But we don’t really care about centerpieces, flowers, fancy invitations, etc. Just food and wine and beer. And music. Maybe some liquor. It’s about having a party worth travelling to, and a good time with friends we rarely see.
Post # 21
I think that wedding are such a big deal because they generate so much money for the multi-million dollar wedding industry. In America, where the $$$ is spent, that is where time and energy is focused.
Post # 22
lilyfaith and monitajb hit the nail on the head for me. I throw parties where I consider the decor, invites, place settings and cocktail napkins, so why wouldn’t I do that in a larger scale for the most important day of our lives thus far?
And I kind of have to disagree with whomever said having kids was more important. That’s true in some respects, but assuming you’re having them with your husband/being a parent with him, having the husband had to come first, right?
Post # 23
To me, this sounds an awful lot like some of the other posts regarding budgets that had been on here recently. There seems to be the idea that because someone is spending a lot and having an extravagant wedding and reception, they’re ignoring their relationship with their Fiance, or their trying to make up for relationship flaws by having a big party, or they don’t understand that the marriage is what’s important and not just the big party. I don’t think that’s true, or fair to those who are throwing larger, more detailed/involved weddings.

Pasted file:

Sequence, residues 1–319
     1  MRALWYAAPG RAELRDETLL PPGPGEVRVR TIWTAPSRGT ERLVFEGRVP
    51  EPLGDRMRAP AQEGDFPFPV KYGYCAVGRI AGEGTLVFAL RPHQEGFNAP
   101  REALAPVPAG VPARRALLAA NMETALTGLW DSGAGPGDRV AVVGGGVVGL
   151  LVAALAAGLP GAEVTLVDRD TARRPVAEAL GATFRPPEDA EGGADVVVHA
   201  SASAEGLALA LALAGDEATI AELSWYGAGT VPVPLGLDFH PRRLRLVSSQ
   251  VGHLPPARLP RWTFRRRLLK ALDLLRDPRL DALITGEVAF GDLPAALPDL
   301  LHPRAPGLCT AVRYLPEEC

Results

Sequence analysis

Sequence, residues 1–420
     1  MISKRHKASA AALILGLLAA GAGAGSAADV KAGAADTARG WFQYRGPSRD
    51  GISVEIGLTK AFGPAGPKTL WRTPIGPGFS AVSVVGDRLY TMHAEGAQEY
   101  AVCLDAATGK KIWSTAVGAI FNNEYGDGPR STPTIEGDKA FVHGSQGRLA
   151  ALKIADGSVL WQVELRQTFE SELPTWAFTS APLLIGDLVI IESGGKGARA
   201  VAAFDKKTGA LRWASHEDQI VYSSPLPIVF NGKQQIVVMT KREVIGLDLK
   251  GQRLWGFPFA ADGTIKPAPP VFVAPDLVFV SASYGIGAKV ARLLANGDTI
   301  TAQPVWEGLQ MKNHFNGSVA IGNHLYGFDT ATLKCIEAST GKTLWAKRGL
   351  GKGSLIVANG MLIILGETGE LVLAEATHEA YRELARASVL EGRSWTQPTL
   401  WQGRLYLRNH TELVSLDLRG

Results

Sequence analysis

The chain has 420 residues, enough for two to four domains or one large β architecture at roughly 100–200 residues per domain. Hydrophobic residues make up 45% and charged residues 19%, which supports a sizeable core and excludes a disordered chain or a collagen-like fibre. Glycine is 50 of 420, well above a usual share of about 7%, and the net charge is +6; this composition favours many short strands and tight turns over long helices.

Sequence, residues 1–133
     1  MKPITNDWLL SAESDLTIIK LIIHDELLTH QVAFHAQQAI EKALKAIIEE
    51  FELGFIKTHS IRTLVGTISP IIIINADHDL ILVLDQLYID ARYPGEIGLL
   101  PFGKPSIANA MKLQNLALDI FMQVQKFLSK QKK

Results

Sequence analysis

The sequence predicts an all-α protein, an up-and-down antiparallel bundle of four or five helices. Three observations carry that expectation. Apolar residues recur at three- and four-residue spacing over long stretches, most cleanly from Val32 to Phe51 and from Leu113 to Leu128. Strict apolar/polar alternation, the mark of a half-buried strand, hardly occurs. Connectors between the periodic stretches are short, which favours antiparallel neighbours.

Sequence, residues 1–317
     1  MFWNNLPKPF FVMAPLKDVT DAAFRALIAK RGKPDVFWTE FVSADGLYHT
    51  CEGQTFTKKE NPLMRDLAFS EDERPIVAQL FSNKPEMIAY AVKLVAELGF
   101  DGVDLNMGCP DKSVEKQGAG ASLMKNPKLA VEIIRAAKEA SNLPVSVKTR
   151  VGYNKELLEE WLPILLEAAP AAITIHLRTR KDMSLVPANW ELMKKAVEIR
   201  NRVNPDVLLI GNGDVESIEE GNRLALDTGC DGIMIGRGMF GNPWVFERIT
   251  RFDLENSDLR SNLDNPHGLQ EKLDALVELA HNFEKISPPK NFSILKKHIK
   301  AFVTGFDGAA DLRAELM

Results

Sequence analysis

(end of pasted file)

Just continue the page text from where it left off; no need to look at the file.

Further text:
I think weddings are a big deal because they are a concrete way to show to your Fiance and to others how important your relationship is. This isn’t to say that if you don’t have a large, expensive wedding that your relationship isn’t important to you–because I think that no matter what you spend/no matter how big a party it is, your wedding day is still going to be important to you and it will still be a representation of your love and committment. People just have different ways of representing that love/committment, if that makes sense.